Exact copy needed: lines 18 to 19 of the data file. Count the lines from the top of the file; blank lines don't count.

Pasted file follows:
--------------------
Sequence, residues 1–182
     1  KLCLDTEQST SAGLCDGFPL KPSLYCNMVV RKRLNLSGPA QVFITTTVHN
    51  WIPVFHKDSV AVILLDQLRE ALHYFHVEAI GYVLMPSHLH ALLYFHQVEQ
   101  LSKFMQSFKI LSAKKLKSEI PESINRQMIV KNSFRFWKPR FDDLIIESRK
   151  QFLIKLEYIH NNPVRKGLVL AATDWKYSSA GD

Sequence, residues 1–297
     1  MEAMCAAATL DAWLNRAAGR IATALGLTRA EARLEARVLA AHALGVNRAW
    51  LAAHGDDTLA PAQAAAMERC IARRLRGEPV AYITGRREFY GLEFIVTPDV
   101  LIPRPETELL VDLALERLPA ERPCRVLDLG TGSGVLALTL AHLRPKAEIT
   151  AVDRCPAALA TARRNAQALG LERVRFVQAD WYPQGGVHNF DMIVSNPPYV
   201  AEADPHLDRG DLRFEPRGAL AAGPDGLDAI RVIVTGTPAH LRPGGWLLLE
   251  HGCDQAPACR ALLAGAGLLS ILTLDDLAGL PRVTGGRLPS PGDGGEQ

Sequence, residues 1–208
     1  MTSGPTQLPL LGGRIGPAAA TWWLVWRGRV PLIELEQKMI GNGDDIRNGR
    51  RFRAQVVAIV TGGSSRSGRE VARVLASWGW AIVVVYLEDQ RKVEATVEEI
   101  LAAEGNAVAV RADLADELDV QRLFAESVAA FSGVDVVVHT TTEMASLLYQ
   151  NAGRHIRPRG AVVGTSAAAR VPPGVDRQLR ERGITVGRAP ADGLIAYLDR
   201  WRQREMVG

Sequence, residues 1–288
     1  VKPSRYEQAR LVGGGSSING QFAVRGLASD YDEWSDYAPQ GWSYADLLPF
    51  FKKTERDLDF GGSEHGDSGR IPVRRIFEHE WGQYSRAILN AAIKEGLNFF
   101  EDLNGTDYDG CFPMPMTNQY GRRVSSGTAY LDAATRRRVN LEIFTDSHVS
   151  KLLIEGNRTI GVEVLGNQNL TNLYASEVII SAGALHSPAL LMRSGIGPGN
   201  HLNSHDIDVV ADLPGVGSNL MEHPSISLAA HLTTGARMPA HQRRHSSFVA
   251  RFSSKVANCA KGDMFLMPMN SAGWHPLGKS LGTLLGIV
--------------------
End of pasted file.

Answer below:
   201  WRQREMVG

Sequence, residues 1–288